Long Island's Red Cross recognizes its volunteers
Miguel Moreno responded to fires for more than 20 years as a firefighter with the New York City Fire Department. After his retirement, he continued his service efforts by working with the American Red Cross on Long Island -- getting up in the middle of the night, answering the call for those in need and speaking Spanish to soothe non-English speakers in distress.
Moreno, 64, of North Babylon, won a top honor for his commitment, motivation and performance at an annual awards event Saturday in Baldwin that honored more than a dozen volunteers and partner organizations for their wide-ranging work on the front lines of disasters, at blood donation drives and in schools.
"My badge of honor is not this award. It's what I feel in my heart," said Moreno, a volunteer since 1992. "To help people is one of the best honors."
John Miller, the group's chief executive, said volunteers make up more than 90 percent of the local organization.
"It can't be said enough -- without the volunteers, we can't do our job," he said. "We hope that they feel that they make a difference in the lives of Long Islanders and . . . that they're engaged and energized to go do it for the years to come."
Doreen Brienza, 49, of Port Jefferson Station, who received an award for providing effective disaster services, said she joined the group after witnessing its work on the South Shore as devastation mounted during superstorm Sandy.
"It just blew my mind to see that -- seeing bulldozers with everybody's stuff," she said.
Brienza, who has logged more than 2,600 hours in the past year, said she drove an emergency response vehicle during a massive fire that displaced about 300 Hempstead Village residents last month -- handing out meals and blankets -- and gave cleanup kits to Brookhaven residents whose homes were damaged by floods last summer. "I just like to help people," she said.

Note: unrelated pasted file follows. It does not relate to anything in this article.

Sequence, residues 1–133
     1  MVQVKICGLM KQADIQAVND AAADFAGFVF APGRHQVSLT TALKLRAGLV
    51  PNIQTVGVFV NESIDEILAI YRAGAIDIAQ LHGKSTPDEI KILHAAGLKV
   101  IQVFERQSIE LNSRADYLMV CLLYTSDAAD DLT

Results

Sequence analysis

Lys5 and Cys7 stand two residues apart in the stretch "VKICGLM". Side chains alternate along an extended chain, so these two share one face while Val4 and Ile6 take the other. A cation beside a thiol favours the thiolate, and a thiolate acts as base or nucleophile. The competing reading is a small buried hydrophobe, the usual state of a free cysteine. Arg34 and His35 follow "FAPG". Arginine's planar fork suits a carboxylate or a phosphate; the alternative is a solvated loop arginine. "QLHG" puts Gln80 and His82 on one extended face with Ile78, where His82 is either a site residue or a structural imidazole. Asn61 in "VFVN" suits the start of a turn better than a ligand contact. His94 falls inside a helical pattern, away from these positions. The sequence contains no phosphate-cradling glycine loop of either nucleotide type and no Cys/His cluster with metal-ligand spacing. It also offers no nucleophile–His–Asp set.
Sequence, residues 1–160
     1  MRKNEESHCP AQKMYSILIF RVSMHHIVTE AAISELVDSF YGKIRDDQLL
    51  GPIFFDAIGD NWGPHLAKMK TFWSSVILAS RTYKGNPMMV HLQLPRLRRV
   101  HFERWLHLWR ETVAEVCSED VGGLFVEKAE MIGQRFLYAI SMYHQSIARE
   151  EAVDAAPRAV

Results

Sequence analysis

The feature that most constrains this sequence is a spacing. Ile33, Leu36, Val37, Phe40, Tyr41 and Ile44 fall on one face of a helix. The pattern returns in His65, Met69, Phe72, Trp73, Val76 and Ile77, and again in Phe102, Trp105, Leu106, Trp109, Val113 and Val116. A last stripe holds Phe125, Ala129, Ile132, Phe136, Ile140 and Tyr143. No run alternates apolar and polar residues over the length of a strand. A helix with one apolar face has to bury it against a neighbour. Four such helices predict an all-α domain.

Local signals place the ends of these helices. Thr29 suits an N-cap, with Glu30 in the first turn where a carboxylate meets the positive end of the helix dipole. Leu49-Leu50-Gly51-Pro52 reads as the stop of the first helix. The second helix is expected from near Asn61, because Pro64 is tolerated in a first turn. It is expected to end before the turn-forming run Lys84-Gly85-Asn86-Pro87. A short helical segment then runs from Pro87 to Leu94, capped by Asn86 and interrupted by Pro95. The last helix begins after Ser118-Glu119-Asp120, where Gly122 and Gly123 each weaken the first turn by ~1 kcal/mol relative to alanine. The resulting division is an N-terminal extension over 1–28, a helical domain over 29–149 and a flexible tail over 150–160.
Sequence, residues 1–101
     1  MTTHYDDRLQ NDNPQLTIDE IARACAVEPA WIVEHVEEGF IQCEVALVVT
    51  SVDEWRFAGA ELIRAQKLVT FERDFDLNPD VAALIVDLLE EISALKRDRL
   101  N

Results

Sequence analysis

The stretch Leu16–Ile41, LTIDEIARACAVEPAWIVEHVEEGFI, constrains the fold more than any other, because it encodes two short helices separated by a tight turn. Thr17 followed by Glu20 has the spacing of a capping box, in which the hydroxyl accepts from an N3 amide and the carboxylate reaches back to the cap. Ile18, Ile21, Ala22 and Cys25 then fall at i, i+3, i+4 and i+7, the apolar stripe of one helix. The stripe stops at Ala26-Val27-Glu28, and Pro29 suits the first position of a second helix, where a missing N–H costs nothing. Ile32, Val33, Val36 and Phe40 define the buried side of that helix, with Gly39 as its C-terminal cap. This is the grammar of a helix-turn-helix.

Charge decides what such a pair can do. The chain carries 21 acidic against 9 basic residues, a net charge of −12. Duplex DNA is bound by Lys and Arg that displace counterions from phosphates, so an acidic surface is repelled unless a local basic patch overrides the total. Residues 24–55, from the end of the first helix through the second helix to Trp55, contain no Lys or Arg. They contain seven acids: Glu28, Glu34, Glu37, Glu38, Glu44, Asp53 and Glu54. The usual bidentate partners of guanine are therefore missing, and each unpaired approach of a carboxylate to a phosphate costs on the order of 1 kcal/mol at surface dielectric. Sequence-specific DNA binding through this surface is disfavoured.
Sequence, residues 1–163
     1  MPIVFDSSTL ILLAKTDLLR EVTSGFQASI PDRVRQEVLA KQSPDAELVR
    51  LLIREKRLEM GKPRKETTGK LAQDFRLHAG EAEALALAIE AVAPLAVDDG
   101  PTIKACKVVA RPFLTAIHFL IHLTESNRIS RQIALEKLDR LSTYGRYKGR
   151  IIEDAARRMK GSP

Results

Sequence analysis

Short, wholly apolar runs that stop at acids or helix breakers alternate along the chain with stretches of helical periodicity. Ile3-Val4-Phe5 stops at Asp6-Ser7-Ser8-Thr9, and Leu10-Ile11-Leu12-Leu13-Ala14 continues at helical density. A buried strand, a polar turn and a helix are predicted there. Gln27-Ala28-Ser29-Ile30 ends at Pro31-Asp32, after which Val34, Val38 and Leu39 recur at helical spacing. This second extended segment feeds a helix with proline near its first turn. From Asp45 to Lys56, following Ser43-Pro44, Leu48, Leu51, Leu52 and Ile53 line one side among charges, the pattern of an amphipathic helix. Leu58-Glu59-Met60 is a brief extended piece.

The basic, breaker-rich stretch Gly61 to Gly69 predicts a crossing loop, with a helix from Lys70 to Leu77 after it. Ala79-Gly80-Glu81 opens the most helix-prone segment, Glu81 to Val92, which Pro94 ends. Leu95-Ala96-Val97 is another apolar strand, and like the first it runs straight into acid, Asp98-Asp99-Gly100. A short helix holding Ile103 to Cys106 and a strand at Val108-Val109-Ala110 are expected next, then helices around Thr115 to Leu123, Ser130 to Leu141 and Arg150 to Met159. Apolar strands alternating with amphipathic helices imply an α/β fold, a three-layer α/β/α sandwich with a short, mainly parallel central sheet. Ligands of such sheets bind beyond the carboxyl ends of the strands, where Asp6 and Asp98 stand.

Chris Kutner of Rockville Centre and Michael Ryan of Middle Island, both 54, received awards for their work as co-chairs of the organization's board -- having doubled it to nearly 40 people.
Kutner, an Air Force veteran, said he was drawn to the Red Cross by its service to military families. "When there's a human being that's suffering and in need, it's up to us to help them out," he said.
Red Cross officials said expanding volunteerism -- even among students -- is key.
W.T. Clarke High School in Westbury and St. Joseph's College in Patchogue received awards for outstanding clubs.
Bianca Compas, 20, of Manorville, a junior biology student and president of the club at St. Joseph's, said she juggles coursework and volunteering.
"My mom has always taught me that I need to give in order to receive," she said. "It really does make me feel whole."